The case for ricin is actually much more tenuous than the simple admission by the Porton people that they did not have the capability to confirm it. The LD50 for ricin – the amount that would kill half the number of people injected with it – is about 1.76 milligrams for an average adult human. Of course, the amount can vary, depending on the susceptibility and the weight of the person. Markov was six feet tall and weighed 89 kilograms.

The well of the pellet, according to Scotland Yard’s forensic department, could hold two-tenths or 0.20 of a milligram – not enough for the generally accepted fatal dose.

During the nearly 37 years since the Markov murder only one high-ranking Western official, as far as I know, has declared, and then not in public, that the pellet was simply not big enough for ricin. He was the late General Lothar Paul Neethling, a highly qualified chemist who was second in command of the South African Police in the apartheid era. He knew a thing or two about the use of poisons for assassination.

In 1984, when I was a correspondent for the Observer, I attended a conference in Ghent on the possible illegal use of chemical weapons by the Soviet Union in Afghanistan and Southeast Asia. General Neethling was there. In a conversation following dinner one night in the conference hotel, after he and I had nearly come to blows over apartheid, Neethling told me he had never believed the ricin story. The well of the pellet, he said, was too small to have contained both a lethal dose and the waxy plug to keep the poison in place until Markov’s body heat released it. At the time, his opinion was lost in more pressing Cold War events.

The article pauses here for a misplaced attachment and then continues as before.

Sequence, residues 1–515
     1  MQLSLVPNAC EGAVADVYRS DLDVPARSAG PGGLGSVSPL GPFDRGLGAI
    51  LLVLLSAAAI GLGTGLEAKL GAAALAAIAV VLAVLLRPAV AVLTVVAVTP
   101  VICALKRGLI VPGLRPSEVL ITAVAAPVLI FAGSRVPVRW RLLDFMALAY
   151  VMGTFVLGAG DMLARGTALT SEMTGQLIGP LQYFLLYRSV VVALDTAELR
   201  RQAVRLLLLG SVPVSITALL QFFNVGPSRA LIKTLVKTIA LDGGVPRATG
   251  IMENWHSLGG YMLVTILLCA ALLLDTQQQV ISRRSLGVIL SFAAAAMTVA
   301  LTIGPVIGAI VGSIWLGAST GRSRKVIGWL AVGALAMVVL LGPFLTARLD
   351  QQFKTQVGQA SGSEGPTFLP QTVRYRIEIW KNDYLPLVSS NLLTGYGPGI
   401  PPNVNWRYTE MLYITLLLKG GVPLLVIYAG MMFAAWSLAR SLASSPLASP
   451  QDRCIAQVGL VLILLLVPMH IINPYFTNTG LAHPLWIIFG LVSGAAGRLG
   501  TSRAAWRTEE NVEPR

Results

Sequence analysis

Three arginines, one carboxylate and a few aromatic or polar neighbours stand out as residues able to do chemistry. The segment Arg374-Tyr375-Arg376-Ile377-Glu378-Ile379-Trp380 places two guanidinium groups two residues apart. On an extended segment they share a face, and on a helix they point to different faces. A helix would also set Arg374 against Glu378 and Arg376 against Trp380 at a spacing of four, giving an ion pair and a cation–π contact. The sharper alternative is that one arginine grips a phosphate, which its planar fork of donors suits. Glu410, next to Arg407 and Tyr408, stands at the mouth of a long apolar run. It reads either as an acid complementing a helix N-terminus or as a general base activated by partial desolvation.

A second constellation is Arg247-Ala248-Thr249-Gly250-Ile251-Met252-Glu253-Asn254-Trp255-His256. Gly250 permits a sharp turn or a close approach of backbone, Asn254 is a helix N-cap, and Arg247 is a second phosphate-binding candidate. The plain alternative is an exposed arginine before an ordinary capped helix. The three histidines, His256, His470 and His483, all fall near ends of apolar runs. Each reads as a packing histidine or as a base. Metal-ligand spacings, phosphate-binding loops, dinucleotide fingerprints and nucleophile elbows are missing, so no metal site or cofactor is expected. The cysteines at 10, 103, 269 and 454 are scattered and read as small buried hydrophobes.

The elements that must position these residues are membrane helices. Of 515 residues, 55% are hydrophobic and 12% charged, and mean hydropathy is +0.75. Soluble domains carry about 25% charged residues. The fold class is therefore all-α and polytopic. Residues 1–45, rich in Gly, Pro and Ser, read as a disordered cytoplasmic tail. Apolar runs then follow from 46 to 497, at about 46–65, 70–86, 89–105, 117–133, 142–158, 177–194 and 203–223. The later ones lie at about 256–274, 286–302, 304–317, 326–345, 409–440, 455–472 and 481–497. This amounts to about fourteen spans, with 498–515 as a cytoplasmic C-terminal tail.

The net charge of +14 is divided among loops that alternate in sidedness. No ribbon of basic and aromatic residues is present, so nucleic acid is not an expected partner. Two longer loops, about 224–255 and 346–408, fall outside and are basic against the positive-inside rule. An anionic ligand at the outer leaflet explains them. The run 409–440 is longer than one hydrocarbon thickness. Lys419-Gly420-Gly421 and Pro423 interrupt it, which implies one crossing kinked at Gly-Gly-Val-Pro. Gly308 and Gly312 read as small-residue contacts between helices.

So, if it wasn’t ricin, what was it? Markov was murdered, apparently, in a Soviet-Bulgarian joint venture. Any bets on snake venom or abrin? Or should we look again at Markov’s symptoms and see if they match polonium-210? We learned during the Litvinenko inquiry that the fatal dose for an adult human is a mere microgram, or 0.001 of a milligram. The Markov pellet could have held a lethal dose, and more.


This story was from September 2015 issue. Subscribe Now